Habitat fragmentation can impede movement of animals between suitable habitat, restricting dispersal and gene flow, and resulting in population differentiation. Analyses of swamp rat genetic samples (Chapter 4) from aggregated retention and unlogged sites revealed no evidence of inbreeding, but increased relatedness in aggregated retention island patches, which is most likely due to restricted dispersal across the ‘hostile’ harvested matrix. Surprisingly, analyses also revealed that swamp rats do not easily move across unpaved, narrow (< 10 m) and seldom-used roads. While harvesting may result in immediate and large-scale changes to suitable habitat, roads may pose a longer-term hindrance to dispersal.
Swamp rats prefer dense vegetation cover (Chapter 2), although the importance of ground-level structural cover and overhead visual cover was not clear from the field trial. Therefore, captive behavioural trials (Chapter 5) were run to test habitat cover preferences by swamp rats using ground-level structural cover and 1 m high overhead (visual) cover in low risk (dark) and high risk (light) conditions. There were no clear preferences for different densities of structural or visual cover. However, the walls of the experimental arena (essentially a type of structural cover, perhaps analogous to large logs) were preferred over the centre area of the arena, regardless of cover density or risk conditions for both structural and visual cover types.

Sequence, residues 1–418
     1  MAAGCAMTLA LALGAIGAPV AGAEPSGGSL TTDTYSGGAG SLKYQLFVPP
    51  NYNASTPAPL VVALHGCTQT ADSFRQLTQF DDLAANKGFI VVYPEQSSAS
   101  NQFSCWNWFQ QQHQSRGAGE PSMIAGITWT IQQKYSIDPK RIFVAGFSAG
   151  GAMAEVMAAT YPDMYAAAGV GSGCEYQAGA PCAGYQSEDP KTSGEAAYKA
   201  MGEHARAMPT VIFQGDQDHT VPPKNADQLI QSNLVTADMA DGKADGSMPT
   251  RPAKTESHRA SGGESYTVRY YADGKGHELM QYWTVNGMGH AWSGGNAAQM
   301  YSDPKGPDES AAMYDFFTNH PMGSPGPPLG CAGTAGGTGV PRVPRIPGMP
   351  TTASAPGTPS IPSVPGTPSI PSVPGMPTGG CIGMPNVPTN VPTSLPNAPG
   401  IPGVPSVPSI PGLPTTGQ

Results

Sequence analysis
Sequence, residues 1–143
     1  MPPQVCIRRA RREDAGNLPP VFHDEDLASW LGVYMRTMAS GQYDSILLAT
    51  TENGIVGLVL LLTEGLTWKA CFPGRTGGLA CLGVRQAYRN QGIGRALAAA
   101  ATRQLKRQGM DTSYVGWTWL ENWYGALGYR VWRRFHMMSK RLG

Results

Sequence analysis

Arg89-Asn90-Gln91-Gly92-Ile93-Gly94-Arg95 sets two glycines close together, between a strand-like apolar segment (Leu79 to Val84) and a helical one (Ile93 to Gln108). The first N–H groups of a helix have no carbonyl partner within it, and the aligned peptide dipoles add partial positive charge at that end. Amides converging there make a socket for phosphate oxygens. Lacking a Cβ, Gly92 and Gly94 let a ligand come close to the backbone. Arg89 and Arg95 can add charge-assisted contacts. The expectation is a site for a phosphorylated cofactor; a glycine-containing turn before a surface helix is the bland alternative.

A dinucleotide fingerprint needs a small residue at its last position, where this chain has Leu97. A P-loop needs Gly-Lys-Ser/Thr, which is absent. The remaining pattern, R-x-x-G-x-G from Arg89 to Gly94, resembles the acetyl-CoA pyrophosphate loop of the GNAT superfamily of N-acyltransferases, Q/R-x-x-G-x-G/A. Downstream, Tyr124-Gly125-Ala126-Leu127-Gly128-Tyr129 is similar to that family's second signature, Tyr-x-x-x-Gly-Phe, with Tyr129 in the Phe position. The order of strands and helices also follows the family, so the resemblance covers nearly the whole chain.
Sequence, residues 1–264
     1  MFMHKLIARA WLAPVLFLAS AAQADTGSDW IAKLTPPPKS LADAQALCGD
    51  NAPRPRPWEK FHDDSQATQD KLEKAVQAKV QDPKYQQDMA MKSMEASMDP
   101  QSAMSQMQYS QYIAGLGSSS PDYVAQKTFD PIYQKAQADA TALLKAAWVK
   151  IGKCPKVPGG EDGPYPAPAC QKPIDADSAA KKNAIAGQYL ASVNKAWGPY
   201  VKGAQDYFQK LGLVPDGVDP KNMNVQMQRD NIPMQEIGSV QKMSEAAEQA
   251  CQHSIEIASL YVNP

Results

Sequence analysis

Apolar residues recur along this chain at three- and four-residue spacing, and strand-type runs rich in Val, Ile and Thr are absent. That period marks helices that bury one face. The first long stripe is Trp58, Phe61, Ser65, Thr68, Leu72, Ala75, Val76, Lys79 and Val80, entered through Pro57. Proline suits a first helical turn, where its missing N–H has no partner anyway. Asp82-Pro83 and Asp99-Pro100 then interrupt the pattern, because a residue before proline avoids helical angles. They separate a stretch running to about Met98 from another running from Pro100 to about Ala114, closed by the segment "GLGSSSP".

This thesis highlights the importance of using multiple disciplines (ecology, physiology, genetics, and behaviour) to investigate anthropogenic disturbances on wildlife. Despite persistence within the harvested matrix, long-tailed mice showed decreased body condition, which may have longer-term health and reproductive consequences. Additionally, while swamp rat populations appear to be thriving in unlogged forests, population differentiation is occurring due to the presence of unpaved, narrow, and seldom-used roads acting as dispersal barriers. It also confirmed that the practice of aggregated retention as an alternative to clearfelling is beneficial for small ground-dwelling mammals for the objective of life-boating, but may not be providing landscape connectivity as there are some restrictions for dispersal of cover-dependent species, at least over the short-term.

Item Type: Thesis (PhD)
Keywords: Aggregated retention, small mammals, dispersal barriers, stress physiology
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Date Deposited: 01 Oct 2013 04:07
Last Modified: 15 Sep 2017 01:06